It's early Sunday morning. I should be listening to Farmer Fred on his ye olde radio programme. Instead, both the wife and I are now planning a busy day of canning efforts BECAUSE we listened to Farmer Fred!
Gee, thanks Fred. I think.
I wanted to introduce you to a staple food item that has become a regular around the Bird household in the past two weeks. There's that wonderful item to your left -- and yes -- that sweet, lucious, golden corn was part of last night's dinner. Yet another heapin' helpin' of that summertime favorite called "corn-on-the-cob."
Who needs Slough House corn when you've got North Natomas?
This is our second year for corn-growing efforts in the quarter-acre backyard we call the "Back 40." But -- like many endeavours this year -- we have corn coming out of our EARS. Last year's corn patch was quickly overwhelmed by the sunflowers that Venus had planted as "companions."
Bad move. Sunflowers take over everything and destroy all.
This year? We kept the corn out of the raised beds -- away from the sunflowers -- and put it in the "test bed." And, I suppose you could call the "test bed" the "raving success bed" now because it's starting to produce right along with the raised beds. The corn -- tomatoes -- squash -- pumpkins -- baby corn and other produce is doing just fine. They seem to like this amended North Natomas junket soil. So be it. The test bed lives -- thanks to the Mantis Rototiller and a whole lot of steer manure compost.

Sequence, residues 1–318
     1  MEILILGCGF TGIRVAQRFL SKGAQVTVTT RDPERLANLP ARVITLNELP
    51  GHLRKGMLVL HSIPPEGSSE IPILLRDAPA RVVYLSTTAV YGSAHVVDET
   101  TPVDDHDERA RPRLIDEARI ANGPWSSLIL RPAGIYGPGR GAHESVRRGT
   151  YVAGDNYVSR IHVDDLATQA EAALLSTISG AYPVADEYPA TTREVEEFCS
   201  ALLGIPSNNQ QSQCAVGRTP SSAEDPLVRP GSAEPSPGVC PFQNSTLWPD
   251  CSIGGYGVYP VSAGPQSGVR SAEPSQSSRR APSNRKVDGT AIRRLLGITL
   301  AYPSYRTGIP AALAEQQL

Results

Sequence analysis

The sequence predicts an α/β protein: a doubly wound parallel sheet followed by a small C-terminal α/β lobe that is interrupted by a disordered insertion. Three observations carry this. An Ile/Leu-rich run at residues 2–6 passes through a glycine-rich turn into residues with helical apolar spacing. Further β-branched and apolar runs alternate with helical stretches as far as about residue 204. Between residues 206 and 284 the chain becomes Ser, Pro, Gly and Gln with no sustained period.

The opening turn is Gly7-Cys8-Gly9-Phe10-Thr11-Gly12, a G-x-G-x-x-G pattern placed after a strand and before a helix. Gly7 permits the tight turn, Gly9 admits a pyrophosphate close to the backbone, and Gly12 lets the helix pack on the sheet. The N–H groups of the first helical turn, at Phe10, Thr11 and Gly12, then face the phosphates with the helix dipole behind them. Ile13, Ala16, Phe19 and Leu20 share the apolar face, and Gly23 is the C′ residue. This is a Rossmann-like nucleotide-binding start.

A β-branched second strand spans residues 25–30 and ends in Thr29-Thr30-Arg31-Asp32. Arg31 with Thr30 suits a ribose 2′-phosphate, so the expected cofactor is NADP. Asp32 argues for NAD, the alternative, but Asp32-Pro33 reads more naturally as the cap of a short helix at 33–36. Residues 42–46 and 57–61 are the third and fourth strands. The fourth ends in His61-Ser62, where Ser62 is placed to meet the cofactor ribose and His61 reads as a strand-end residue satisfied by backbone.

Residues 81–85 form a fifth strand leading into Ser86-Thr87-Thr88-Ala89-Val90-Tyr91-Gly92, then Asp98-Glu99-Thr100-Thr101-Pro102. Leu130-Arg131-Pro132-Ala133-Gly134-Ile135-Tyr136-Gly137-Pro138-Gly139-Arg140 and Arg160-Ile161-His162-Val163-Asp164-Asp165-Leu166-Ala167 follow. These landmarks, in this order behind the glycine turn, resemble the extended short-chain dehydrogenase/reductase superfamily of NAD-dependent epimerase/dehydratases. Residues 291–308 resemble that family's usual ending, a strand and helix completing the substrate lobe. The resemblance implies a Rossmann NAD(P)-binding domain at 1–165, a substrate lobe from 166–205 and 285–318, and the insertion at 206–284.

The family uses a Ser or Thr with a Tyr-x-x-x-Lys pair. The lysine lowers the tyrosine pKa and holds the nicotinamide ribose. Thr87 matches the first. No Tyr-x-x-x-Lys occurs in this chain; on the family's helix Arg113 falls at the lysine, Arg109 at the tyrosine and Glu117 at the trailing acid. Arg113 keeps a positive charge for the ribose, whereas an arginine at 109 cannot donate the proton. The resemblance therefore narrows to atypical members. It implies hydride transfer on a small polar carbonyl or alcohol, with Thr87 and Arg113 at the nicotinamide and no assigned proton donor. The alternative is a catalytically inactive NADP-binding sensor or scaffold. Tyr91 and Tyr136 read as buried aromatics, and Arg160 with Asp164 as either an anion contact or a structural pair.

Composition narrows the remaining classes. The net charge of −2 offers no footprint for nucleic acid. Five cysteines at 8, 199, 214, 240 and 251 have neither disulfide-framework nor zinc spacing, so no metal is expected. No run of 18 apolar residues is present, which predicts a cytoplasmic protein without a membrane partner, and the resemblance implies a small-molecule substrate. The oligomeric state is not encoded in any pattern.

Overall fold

This is probably the sixth or seventh meal where the wife that is Venus and I have enjoyed corn on the cob. There will probably be at least another five to six meals to enjoy -- and then the second crop of sweet white corn will be due in. And -- if that's not enough -- a mixed crop of yellow and white sweet corn will follow about a month later.
I love corn almost as much as I love heirloom tomatoes. Almost.
Not every ear is perfect mind you. That's the "thing" with home-grown corn. You're not going to get store-bought perfection. Even with most supermarkets -- you're going to encounter a bad ear or two. It just happens. And we've had our share of flops mind you.
Last night's corn for example? The first ear? Heaven on earth! Crunchy! Sweet! Every bite a joy! Bursting with nature's goodness. But the second ear? Not as crunchy. Not as sweet. You might even say it was a "tad gummy." I probably left that ear on the stalk for a little too long. Had I harvested it three days earlier, it probably would have been pretty darn good!
Corn on the cob anyone?